At the continental level, the Rural Futures strategy of the African Union and its implementing agency NEPAD, the New Partnership for Africa’s Development, is about propelling countries towards greater employment. According to NEPAD’s Director of Programme Co-ordination and Implementation, Estherine Lisinge-Fotabong, agriculture and agri-processing account for 30 to 60 per cent of gross domestic product in some countries, and an even larger share of employment. She argues that states should play a central role in redirecting national economies to drive rural economic transformation, and concludes that “Africa’s fight against poverty will be won or lost in rural areas, because this is home to about 63 per cent of the population; 73 per cent of the poor live in rural areas.”
With one billion people in Africa today and 2.3 billion people projected for 2050, the continent faces the challenge of harnessing this expanding reservoir of human capital. “By 2040, Africa will have the largest workforce in the world, surpassing China and India,” Lisinge-Fotabong points out, adding that while the proportion of rural youth is declining around the world, their number in sub-Saharan Africa is set to increase until 2030 or 2040. The combined burden of a youth bulge and a shrinking job market have left millions of young people jobless, underemployed and excluded from economic opportunities, in urban and rural areas.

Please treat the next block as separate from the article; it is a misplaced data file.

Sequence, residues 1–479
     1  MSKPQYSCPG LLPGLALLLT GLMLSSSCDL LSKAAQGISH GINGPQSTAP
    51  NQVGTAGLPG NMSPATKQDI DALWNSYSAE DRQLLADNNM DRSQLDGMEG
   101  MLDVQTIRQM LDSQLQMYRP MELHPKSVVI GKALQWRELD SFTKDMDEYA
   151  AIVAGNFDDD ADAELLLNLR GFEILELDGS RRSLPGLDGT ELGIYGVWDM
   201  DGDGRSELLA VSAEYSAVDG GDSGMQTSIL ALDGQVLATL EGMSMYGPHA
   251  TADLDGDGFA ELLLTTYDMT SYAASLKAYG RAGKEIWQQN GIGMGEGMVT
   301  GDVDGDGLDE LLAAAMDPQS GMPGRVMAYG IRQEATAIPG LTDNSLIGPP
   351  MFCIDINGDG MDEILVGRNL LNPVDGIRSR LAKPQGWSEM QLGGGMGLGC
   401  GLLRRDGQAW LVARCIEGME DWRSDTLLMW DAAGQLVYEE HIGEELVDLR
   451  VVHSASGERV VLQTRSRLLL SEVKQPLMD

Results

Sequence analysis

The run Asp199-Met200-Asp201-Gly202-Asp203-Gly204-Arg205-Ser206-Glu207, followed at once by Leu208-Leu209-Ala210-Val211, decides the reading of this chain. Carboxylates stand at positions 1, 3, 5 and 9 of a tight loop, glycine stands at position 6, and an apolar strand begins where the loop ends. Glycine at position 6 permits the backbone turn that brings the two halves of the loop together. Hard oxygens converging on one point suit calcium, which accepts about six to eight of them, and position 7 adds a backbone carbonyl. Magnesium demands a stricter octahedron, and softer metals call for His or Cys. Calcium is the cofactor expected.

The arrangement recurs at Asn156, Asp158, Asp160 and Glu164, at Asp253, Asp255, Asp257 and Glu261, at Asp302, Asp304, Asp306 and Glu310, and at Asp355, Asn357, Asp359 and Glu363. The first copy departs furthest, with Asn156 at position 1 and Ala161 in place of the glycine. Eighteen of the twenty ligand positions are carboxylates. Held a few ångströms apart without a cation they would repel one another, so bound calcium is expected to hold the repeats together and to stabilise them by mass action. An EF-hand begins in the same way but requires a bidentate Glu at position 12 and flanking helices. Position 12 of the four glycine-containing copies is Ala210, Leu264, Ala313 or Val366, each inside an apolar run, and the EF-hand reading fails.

In their 2014 report “Youth Employment in Sub-Saharan Africa”, produced for the World Bank and the French Development Agency, Deon Filmer and Louise Fox outlined a skills agenda for young people and actions for governments, stressing the need for policy action “to ensure that children and youths acquire foundational skills through quality basic education”. Filmer and Fox maintain that African education systems are performing poorly in this respect, preventing youths from acquiring additional skills and reaching their full potential.
Improving schooling is a particular problem in rural areas across Africa, where schools face multiple challenges including teacher shortages, lack of funding and resources, and children walking long distances to school and assisting families with work and chores, among others. In rural areas, the report contends, traditional agricultural technical and vocational education and training (TVET) and extension have a mixed record. But there are promising new approaches, including farmer field schools and “beneficiary-driven models to deliver extension services, build skills and facilitate access to information among young people”. Informal training is prevalent in the household enterprises sector, and “there is scope for governments to leverage NGOs and private providers to support youth through demand-driven, performance-based models”.